jenmat Posted 23 Apr 2011 , 7:33pm
post #11 of 16

Like everyone else is saying, its not about being good enough at cakes, its about understanding the craziness that can come with opening a bakery.

Am I good enough? Probably, for my area at least. But I am NOT good enough to open a "real" bakery. Why? Because I look at all the OTHER things that I would have to do (manage employees, accounting, and all the other stuff Indy mentioned), and I KNOW I'm not quite crazy enough or educated enough, or free enough (i have a little one) to manage that yet. Maybe someday I'll have the stones to do it.

BUT if you can put in a home commercial kitchen or bake legally from home, then by all means, that allows you to take the time to develop skills and of course you are good enough to do that.

tokazodo Posted 24 Apr 2011 , 2:08am
post #12 of 16

Ldtx, the only thing I would add is to be passionate about your business. There will be bad days. And on those bad days, you may have tears of exhaustion and frustration running down your cheeks, as you lock the door to your bakery for the evening. It's going to be the passion, which brings you back the next day, to do it all over again.

If this is how you truly feel then I say go for it with all your might. It's the stuff our country was built upon. Emigrants came from other countries and made their dreams come true this way, so can we!

You have a natural talent towards cake decorating and you need to keep going with.

Good Luck to you!
tokazodo

johnson6ofus Posted 24 Apr 2011 , 4:03am
post #13 of 16

My sis is a fine doctor. Insists on having "her own" practice (independent business).... bankrupt 3 times, and she is only 55... I bet a few more are coming.

It's not her "doctoring", it is her lack of business sense and ability and desire to deal with that list of junk indydebi posted.

Sounds like you have some experience / exposure with the business end--- but---- it's different "when it's all you".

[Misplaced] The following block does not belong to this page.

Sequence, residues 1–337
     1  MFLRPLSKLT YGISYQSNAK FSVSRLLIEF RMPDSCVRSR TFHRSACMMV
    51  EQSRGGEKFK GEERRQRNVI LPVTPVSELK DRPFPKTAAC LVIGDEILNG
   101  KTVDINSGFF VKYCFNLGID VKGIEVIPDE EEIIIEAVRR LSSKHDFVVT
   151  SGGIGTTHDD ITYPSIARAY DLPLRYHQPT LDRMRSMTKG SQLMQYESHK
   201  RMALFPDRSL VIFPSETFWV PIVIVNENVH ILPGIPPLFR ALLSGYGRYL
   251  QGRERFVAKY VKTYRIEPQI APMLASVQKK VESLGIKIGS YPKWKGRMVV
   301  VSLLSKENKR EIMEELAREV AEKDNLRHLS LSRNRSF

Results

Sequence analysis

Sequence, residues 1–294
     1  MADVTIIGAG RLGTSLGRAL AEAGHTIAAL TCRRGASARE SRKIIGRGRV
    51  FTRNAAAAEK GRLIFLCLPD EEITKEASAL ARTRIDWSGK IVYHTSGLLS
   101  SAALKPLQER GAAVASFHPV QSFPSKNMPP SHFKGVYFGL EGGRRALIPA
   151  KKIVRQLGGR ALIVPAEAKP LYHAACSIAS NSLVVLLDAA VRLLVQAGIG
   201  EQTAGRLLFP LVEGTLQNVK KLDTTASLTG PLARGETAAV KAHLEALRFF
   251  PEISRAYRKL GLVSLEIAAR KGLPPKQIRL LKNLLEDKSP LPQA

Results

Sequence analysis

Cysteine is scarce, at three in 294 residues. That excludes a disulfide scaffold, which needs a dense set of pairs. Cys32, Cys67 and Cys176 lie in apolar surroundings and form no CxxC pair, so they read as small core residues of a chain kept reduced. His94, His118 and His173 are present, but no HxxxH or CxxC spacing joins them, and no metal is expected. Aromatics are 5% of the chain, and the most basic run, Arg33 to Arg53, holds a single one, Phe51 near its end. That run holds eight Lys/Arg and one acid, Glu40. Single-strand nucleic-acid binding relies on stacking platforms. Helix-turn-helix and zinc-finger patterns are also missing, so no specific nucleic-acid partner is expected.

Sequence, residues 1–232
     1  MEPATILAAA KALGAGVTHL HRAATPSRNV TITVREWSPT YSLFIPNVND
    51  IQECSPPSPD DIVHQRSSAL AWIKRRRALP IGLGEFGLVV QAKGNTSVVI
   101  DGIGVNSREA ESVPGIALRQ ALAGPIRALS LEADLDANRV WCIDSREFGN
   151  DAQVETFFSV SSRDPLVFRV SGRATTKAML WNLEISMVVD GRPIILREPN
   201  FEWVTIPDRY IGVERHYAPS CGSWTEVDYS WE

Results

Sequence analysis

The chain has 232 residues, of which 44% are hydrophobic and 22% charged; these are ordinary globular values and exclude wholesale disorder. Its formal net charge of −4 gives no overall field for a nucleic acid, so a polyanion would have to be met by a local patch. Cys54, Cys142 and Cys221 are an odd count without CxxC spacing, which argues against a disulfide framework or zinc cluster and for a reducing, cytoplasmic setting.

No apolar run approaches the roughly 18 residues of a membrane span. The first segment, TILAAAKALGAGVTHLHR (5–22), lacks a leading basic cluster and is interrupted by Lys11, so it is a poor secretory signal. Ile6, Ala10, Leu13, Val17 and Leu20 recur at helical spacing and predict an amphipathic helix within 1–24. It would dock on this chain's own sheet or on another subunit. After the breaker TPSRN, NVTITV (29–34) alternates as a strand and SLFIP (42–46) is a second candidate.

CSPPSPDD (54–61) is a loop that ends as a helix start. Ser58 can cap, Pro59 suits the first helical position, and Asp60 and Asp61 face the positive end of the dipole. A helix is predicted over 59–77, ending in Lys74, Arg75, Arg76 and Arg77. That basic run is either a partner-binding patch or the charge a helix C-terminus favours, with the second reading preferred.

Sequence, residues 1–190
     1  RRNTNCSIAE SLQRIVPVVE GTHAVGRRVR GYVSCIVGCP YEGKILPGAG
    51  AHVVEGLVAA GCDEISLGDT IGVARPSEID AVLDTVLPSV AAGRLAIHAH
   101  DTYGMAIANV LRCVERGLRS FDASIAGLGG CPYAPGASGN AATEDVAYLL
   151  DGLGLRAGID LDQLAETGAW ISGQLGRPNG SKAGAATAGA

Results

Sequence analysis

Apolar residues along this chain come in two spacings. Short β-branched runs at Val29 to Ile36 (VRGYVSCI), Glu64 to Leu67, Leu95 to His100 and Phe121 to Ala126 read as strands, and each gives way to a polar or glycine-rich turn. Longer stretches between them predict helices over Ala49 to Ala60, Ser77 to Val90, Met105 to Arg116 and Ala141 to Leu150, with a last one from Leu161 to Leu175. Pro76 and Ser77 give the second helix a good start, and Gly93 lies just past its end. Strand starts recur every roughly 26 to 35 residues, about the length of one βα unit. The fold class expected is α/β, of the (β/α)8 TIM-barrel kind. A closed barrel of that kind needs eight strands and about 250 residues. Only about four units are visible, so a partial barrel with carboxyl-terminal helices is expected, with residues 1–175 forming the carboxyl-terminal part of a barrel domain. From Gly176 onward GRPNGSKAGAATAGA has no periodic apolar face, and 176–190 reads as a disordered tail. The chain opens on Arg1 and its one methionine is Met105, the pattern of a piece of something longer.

Cute stuff in the gallery!

mombabytiger Posted 1 May 2011 , 5:18am
post #14 of 16

Judging from your pics, I would have to say that you are not ready to open a business. (I assume you would prefer honesty). Aside from the other suggestions - get Sharon's DVD's - I would practice on small cakes with simple design elements and learn to perfect them. Do a 6-in round, cover with fondant perfectly - no bumps or buckling. Put one perfectly made gumpaste flower on the top. Do a simple fondant ribbon border on the bottom. Now photograph from all angles and look for imperfections. Keep doing this until you don't see any imperfections. The second time you do it will be easier, and so on. If you are going to pipe writing, practice over and over. Just sit and pipe straight lines and scrolls until you are extremely comfortable when picking up that bag.
Cake decorating is a collection of skills. Each one needs to be mastered. You're off to a great start, though!

RussellsCakes Posted 3 May 2011 , 4:03am
post #15 of 16

ldtx, is your screen name implying you are in TX? if so, what part?

littlecake Posted 5 May 2011 , 6:21pm
post #16 of 16

i think you are good enough, the big question is are you fast enough, you gotta make a lot of cakes to pay the rent.

ha ha indy about the cleaning!